September 19, 2019 - 2:24 pm
For a family with its name on a wing of one of the world's most famous museums and a school at a prestigious university, members of the Sackler clan have done a remarkable job of vanishing from public life. The family owns OxyContin maker Purdue Pharma, which filed for bankruptcy this week as part...
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FILE - In this Thursday, Sept. 12, 2019 file photo, cars pass Purdue Pharma headquarters in Stamford, Conn. The allegations surrounding wealthy donors such as the Sackler family have raised questions for the museums they supported, including whether to keep the family's name on prominent galleries. The billionaire family is notorious for its ties to the drug company Purdue Pharma, which developed OxyContin, a painkiller that has been at the center of the opioid crisis. (AP Photo/Frank Franklin II, File)
September 17, 2019 - 10:13 pm
NEW YORK (AP) — Ask the CEO and president of the Metropolitan Museum of Art whether he's accepting money from the Sacklers, the billionaire dynasty notorious for its ties to the drug company Purdue Pharma, and the answer is somewhat complicated. For one thing, it depends on which Sackler. "There...
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FILE - In this April 2, 2018, file photo, a pharmacist in San Francisco poses for photos holding a bottle of OxyContin. In court papers filed in New York on Sunday, Sept. 15, 2019, Purdue Pharma, the drug's manufacturer, flied for Chapter 11 bankruptcy protection. (AP Photo/Jeff Chiu, File)
September 15, 2019 - 11:10 pm
OxyContin maker Purdue Pharma and its owners expressed sympathy but not responsibility for the nation's opioid crisis as the company filed for bankruptcy protection late Sunday night, part of a move to settle some 2,600 lawsuits — most from state and local governments. "Like families across America...
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FILE - In this April 2, 2018, file photo, a pharmacist in San Francisco poses for photos holding a bottle of OxyContin. In court papers filed in New York on Sunday, Sept. 15, 2019, Purdue Pharma, the drug's manufacturer, flied for Chapter 11 bankruptcy protection. (AP Photo/Jeff Chiu, File)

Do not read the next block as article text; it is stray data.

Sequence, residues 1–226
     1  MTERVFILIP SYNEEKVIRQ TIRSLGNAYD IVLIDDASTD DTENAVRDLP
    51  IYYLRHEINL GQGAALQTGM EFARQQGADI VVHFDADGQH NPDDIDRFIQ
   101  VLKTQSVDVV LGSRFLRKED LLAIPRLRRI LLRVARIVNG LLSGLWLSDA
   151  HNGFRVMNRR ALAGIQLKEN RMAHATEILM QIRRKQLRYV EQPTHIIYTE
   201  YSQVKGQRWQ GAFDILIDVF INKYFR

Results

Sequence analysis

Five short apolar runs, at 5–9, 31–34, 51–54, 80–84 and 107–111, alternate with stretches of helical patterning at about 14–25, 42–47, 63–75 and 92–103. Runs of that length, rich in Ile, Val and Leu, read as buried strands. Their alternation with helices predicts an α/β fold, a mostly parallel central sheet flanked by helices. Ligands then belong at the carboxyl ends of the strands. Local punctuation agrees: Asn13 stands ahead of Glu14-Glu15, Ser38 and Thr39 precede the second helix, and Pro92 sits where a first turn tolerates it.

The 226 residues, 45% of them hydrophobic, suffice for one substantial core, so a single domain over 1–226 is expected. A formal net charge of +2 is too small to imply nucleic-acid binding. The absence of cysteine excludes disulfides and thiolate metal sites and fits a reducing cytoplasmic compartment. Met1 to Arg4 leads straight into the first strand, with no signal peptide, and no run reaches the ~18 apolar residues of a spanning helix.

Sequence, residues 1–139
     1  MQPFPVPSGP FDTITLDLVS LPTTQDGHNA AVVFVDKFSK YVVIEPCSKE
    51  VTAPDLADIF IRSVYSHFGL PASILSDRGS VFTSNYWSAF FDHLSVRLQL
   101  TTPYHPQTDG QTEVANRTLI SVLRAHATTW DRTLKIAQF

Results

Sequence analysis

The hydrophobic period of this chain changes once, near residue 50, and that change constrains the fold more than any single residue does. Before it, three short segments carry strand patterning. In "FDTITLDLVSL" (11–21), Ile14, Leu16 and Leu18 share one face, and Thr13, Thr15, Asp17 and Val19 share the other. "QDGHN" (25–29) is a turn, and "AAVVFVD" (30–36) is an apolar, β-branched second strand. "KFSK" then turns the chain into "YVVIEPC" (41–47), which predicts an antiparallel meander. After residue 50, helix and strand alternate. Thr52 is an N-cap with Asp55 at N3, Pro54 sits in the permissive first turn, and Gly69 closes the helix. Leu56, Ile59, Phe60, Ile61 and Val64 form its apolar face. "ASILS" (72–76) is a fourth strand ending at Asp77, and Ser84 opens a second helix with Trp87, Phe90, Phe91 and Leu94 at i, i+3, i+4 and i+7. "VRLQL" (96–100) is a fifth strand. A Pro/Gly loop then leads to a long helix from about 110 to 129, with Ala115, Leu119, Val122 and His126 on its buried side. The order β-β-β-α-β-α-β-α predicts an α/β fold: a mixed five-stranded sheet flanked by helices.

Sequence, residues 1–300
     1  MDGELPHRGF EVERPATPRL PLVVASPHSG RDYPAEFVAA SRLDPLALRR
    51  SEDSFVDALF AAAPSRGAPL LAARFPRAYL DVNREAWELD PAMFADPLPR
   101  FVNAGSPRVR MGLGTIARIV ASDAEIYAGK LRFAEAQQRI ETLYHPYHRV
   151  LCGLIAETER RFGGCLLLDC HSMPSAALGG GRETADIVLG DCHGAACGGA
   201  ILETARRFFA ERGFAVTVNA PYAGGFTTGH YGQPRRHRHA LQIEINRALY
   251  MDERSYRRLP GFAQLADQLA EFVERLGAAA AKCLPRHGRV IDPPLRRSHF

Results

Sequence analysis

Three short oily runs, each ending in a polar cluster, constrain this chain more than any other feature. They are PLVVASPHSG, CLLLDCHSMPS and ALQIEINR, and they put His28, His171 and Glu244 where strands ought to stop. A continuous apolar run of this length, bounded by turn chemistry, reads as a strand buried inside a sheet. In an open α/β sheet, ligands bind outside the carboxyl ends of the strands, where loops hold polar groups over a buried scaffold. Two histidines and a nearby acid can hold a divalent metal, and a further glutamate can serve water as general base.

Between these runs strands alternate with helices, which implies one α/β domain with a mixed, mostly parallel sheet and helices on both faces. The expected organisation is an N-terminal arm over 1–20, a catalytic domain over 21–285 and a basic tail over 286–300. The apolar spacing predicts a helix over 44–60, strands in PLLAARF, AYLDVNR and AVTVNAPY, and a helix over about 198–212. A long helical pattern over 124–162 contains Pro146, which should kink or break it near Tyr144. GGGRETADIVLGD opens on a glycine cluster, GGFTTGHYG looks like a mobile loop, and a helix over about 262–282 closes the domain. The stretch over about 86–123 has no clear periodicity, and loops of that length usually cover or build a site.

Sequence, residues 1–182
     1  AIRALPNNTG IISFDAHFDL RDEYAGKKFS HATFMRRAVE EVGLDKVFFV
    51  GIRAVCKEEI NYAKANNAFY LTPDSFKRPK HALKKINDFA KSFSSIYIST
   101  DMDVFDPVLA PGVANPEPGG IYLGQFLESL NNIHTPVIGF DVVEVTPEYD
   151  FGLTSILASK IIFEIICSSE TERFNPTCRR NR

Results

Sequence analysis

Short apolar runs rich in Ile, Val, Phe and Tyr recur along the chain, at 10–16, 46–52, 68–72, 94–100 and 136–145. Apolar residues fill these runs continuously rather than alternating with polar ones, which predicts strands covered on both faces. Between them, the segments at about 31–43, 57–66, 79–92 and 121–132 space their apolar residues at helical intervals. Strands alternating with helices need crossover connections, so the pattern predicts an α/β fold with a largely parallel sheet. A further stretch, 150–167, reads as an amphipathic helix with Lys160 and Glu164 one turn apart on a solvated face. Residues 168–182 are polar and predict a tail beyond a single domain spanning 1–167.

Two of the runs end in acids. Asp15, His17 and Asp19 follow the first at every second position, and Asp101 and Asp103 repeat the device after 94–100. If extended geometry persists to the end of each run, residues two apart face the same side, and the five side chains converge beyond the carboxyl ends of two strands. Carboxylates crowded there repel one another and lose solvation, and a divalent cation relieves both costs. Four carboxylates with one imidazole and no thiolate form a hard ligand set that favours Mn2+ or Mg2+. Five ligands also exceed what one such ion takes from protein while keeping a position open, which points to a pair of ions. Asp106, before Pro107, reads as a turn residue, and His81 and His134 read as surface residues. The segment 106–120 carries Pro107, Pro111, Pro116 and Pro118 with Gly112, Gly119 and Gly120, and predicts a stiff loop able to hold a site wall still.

September 15, 2019 - 8:46 pm
Purdue Pharma, the company that made billions selling the prescription painkiller OxyContin, filed for bankruptcy in White Plains, New York, days after reaching a tentative settlement with many of the state and local governments suing it over the toll of opioids. The filing was anticipated before...
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FILE - This Jan. 11, 2018 file photo shows Judge Dan Polster in his office, in Cleveland. Attorneys representing eight drug distributors, pharmacies and retailers facing trial for their roles in the national opioid crisis are seeking to disqualify the federal judge overseeing their cases saying he’s shown clear bias in his efforts to obtain a multi-billion dollar global settlement. The motion was filed late Friday, Sept. 13, 2019, in U.S. District Court in Cleveland, where Judge Dan Polster presides over most of the 2,000 lawsuits filed by state, local and tribal governments. Polster has not responded. (AP Photo/Tony Dejak, File)
September 14, 2019 - 1:27 pm
CLEVELAND (AP) — Attorneys for eight drug distributors, pharmacies and retailers facing trial next month for their roles in the opioid crisis want to disqualify the federal judge overseeing their cases, saying he has shown bias in his effort to obtain a multibillion-dollar global settlement...